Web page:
His current research interests seek to create an industry shift from sequential and irregular parallel computing models to structured and hierarchical parallel models, which have the potential to provide forward scalability as Moore’s Law continues. His research is directed toward designing microarchitectures, runtimes, and compilers that leverage the structured properties of hierarchical models to improve efficiency. He is also interested in discovering new mappings of highly unstructured algorithms from important problem domains such as graph partitioning, scheduling, finite automata, and relational algebra onto these models.
Greg graduated in 2011.
Andrew’s attention first turned to computer architecture because he wanted his 3D graphics programs to run faster. Since recognizing the coupling between architecture, compilation tools, programming languages, and software design, Andrew has pursued this interest at Georgia Tech, earning both a bachelor’s and a master’s in computer engineering from the School of ECE. As a PhD student, he was focusing on the productivity challenges posed by heterogeneous multicore compute architectures.
Andrew graduated in 2012 and is currently employed at NVIDIA.
Adam’s current area of research concerns the estimation of energy and power consequences of algorithmic design. After receiving his Bachelor’s Degree from Boston University in May 2011, Adam arrived at Georgia Tech with interests in algorithms for Digital Signal Processing, GPU computing, and applied mathematics. When Adam isn’t using grep he can likely be found listening to post-hardcore acts (such as Dance Gavin Dance or Hail the Sun), reminiscing his days as a semi-professional poker player, or laughing at Arrested Development, The Whitest Kids U’Know, and Donald Glover. He Graduated in 2014 and is currently a PhD student in Georgia Tech.
Mitchelle Rasquinha received her masters from Georgia Tech in 2011. She was working in the area of computer architecture, and her research interests were centered on micro-architecture optimizations to memory systems in the current era of multicore architectures. She was also involved in studying memory controller optimizations for systems supporting large data set applications.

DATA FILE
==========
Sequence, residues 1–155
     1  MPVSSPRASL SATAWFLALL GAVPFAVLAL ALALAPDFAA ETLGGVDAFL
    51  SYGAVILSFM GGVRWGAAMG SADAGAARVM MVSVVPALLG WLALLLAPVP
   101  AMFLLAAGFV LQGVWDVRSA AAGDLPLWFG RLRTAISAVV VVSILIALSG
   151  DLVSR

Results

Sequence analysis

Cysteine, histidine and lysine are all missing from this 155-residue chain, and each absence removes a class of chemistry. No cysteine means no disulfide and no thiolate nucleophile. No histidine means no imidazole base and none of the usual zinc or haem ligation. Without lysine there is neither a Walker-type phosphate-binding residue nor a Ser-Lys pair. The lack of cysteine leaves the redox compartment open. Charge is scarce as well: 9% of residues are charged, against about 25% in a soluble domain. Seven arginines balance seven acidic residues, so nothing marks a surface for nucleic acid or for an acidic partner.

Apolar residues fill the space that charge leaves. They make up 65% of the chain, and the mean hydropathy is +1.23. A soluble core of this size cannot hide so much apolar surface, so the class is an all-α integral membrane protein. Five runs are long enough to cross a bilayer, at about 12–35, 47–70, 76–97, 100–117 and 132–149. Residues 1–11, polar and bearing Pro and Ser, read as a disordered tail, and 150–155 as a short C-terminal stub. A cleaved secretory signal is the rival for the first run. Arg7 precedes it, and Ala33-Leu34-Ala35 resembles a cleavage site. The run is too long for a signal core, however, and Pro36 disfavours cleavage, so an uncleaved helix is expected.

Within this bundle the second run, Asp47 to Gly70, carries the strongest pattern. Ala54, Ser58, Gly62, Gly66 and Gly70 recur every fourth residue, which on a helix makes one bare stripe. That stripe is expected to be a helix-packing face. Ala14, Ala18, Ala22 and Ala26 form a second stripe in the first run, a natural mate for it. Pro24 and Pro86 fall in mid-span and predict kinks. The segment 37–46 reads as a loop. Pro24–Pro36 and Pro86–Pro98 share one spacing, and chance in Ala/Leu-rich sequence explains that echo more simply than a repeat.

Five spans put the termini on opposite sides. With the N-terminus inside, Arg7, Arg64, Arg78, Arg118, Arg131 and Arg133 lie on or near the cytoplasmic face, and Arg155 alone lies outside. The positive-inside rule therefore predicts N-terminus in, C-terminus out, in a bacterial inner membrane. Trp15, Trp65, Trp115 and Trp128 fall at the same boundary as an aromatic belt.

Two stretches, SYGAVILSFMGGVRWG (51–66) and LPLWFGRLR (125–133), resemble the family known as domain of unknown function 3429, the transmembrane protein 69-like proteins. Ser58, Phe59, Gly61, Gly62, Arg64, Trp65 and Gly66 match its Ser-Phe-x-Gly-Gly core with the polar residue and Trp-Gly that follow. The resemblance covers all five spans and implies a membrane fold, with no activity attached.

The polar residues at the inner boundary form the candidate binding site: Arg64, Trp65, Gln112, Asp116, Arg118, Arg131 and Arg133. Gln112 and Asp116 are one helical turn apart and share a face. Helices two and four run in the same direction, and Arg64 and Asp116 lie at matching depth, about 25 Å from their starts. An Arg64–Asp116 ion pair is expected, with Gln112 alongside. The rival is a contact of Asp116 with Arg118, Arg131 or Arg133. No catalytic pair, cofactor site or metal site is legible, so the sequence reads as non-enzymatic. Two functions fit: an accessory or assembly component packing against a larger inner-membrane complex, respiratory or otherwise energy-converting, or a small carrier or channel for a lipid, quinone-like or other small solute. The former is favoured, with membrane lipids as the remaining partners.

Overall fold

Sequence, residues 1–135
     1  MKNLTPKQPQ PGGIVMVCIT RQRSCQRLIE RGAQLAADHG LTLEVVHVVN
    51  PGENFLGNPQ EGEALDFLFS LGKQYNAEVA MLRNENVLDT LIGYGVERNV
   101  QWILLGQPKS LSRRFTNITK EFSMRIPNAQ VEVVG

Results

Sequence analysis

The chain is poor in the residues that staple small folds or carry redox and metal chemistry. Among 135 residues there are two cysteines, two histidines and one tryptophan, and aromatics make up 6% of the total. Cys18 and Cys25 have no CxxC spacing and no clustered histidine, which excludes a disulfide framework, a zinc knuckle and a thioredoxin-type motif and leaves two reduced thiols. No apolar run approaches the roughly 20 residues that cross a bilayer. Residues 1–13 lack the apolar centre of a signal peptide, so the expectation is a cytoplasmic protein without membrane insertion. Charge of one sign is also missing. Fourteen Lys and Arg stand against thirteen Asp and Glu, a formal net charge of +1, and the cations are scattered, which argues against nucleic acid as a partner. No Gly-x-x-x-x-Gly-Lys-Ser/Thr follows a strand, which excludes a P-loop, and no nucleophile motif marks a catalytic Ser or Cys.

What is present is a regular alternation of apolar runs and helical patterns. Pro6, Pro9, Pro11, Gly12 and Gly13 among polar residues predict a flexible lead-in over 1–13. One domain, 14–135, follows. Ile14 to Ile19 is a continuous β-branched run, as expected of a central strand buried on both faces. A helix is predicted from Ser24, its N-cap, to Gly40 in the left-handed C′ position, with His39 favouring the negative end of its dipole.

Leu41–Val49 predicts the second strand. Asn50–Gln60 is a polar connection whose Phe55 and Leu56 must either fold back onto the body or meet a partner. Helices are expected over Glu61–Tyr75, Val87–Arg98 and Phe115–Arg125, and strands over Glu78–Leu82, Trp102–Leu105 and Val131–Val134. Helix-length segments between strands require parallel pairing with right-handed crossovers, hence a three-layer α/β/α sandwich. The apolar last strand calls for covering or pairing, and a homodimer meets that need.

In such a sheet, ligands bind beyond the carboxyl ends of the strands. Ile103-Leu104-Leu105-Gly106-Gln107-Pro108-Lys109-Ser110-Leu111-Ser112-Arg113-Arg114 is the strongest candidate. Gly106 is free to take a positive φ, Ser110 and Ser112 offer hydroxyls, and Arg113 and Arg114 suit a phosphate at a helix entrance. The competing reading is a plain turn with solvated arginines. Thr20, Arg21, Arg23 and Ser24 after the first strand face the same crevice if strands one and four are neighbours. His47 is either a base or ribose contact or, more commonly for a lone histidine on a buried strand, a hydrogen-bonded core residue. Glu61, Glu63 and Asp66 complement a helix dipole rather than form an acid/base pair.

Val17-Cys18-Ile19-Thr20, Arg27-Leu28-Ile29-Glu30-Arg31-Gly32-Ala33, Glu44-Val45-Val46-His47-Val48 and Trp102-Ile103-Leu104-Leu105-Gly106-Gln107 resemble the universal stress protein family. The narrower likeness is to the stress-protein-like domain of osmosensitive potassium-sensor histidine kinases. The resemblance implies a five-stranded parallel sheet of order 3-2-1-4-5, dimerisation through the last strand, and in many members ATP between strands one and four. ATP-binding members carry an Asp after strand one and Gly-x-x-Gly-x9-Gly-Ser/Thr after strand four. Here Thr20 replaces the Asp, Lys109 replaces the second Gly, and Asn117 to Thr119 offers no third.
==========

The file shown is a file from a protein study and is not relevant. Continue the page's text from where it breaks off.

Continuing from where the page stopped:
She is currently employed at Oracle.
Ifrah Saeed received her bachelor’s degree in electrical engineering from the University of Engineering and Technology, Lahore in Pakistan was a Master student in CASL. Her interests lie in computer architecture and parallel programming, so she joined the Computer Architecture & Systems Laboratory (CASL) in spring 2013. Under the supervision of Dr. Sudhakar Yalamanchili, she is working on the expansion of Red Fox, an infrastructure that accelerates data warehousing applications on cloud architectures augmented with NVIDIA GPU accelerators, to multiple multi- and many-core architectures. The topic of her master’s thesis is providing a portable relational algebra library for high-performance data-intensive query processing.
Ifrah graduated in 2014.
Andrew is a Master’s student at Georgia Tech who earned his B.S. at Georgia Tech in 2012. His main interests include computer architecture, power consumption, and GPU memory systems. He has also developed an interest in graph theory and its various applications in computer architecture.
Andrew graduated in 2014.
Jeff was a Ph.D student at Georgia Tech working in the area of computer architecture. His research emphasis was in developing novel interconnects and memory systems for next-generation multicore and heterogeneous processors. Jeff defended his dissertation in August, 2013, and he is now working as a Research Scientist II in the CSE department at Georgia Tech. His other research interests include traditional networking, computer and network security, and using reconfigurable logic for high performance computing.
Jeff graduated in 2013.
Indrani Paul is a Senior Member of Technical Staff at AMD Research where she works on exascale computing research with focus on power and thermal management, system level power modeling and APIs. She is also pursuing her PhD with the Computer Architecture and Systems Laboratory at Georgia Tech. Her research areas are dynamic power and thermal management, evaluating the interaction and trade-offs of physics such as thermals with power and performance in heterogeneous processors, workload characterization and energy-efficient computing. Prior to joining AMD, Indrani was a server system design engineer at Dell Inc. architecting power management, power capping and power budgeting solutions in PowerEdge servers and general server manageability. She has an M.S. in Electrical & Computer Engineering from Georgia Tech and a B.Tech in Electronics & Electrical Communication Engineering from Indian Institute of Technology, Kharagpur, India. Indrani graduated in 2015.